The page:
Bishop Vincent Long OFM Conv, Bishop of Parramatta – Address at the Manly Reunion Gathering at DOOLEYS Lidcombe Catholic Club, Lidcombe, 30 August 2017
THE PRIESTHOOD IN AUSTRALIA
Reflections on its future in the light of the Royal Commission
PART 4: HOLDING THE TENSION BETWEEN THE OLD AND THE NEW
I have a particular interest in the biblical experience of the exile. My personal story of being a refugee, my struggle for a new life in Australia, coupled with my Franciscan heritage have all contributed to the sense of hope which was the legacy of the Exile of old and which should inform and enlighten our present exile experience. Like the prophets who accompanied their people into exile, who interpreted the signs of the times and led them in the direction of the Kingdom – the arc of salvation history if you like – we must do the same for our people in the context of this new millennium.
The priesthood is not meant to be a numbers game. The strength of our mission does not depend on a cast of thousands. Quality, not quantity, marks our presence. It is substance and not the size of the group that makes the difference. Hence, this time of diminishment can be a blessing in disguise as it makes us reliant less on ourselves but rather on the power of God. Diminishment allows us the precious opportunity to learn the power of vulnerable trust and to seek the will of God in situations of crisis. Diminishment is not a time for activism, cynicism or nostalgia. Diminishment is not a time to apportion blame to certain individuals and groups, or to engage in the battle of ideology: the conservatives versus the liberals, the pre-Vatican versus the post-Vatican, the restorationists versus the “Gaudiem et Spes” generation, those who espouse the hermeneutics of continuity versus those who favour hermeneutics of rupture etc. No, it is rather a time for deepening our commitment, a time for grounding ourselves in the immensity of God’s love. It is a time of silent hope, discernment and mysticism.
The time that we are living in can be likened to Holy Saturday in the Gospel. It is the day of God’s concealment, of the great solitude of Jesus. It is a time of ambiguity, of mourning and yet hoping for good news; it is a liminal interval, a time in which one stands between the old and the new. Mary Magdalene who went to the tomb of Jesus that day is a symbol of the church in mourning. In another way, she also stands for us, who have entered a Holy Saturday of our own. It is our dark night of the soul, as the mystic John of the Cross would call it. We priests, can be a bridge between the old and the new. Our task is to live the creative tension between the pain of the present and the hope of the future.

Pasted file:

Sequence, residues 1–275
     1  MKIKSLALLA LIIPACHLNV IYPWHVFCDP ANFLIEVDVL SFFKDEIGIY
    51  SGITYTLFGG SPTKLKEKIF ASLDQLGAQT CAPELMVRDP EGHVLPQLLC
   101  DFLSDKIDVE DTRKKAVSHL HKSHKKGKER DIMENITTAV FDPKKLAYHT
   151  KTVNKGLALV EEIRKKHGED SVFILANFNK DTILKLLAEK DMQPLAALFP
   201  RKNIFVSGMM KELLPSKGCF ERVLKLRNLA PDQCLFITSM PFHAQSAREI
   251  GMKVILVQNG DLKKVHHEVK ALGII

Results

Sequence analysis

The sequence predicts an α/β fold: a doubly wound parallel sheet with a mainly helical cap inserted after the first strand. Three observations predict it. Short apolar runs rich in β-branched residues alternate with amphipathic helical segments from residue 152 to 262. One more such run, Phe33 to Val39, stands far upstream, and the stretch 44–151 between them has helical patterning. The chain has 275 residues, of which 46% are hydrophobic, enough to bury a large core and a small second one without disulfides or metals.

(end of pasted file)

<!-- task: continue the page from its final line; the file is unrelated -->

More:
St Paul talks about the hope of the future through the metaphor of childbirth. “The whole creation has been groaning in labour pains until now” (Romans 8:22). In a sense, we priests, have to bear those labour pains. The delivery of new life necessitates the ability to live the creative tenstion between the pain of the present and the hope of the future.
Pope Francis in a recent address stated that he wanted pastors who can “imbue hope” and “have sun and light in their hearts, to lovingly and patiently support the plans which God brings about in His people.” For him, the ability to imbue hope is intimately linked with the stripping of oneself and of beginning anew. In other words, our priestly vocation is the embodiment of the Paschal Mystery. We can only reframe a harsh reality into a vision of hope for our people when we ourselves have the courage to live in that liminal space, that darkness of Holy Saturday, that interim ambiguity that lies between the old and the new.
Part 5 will be published tomorrow.
To read Part 3 of Bishop Vincent’s address, click here.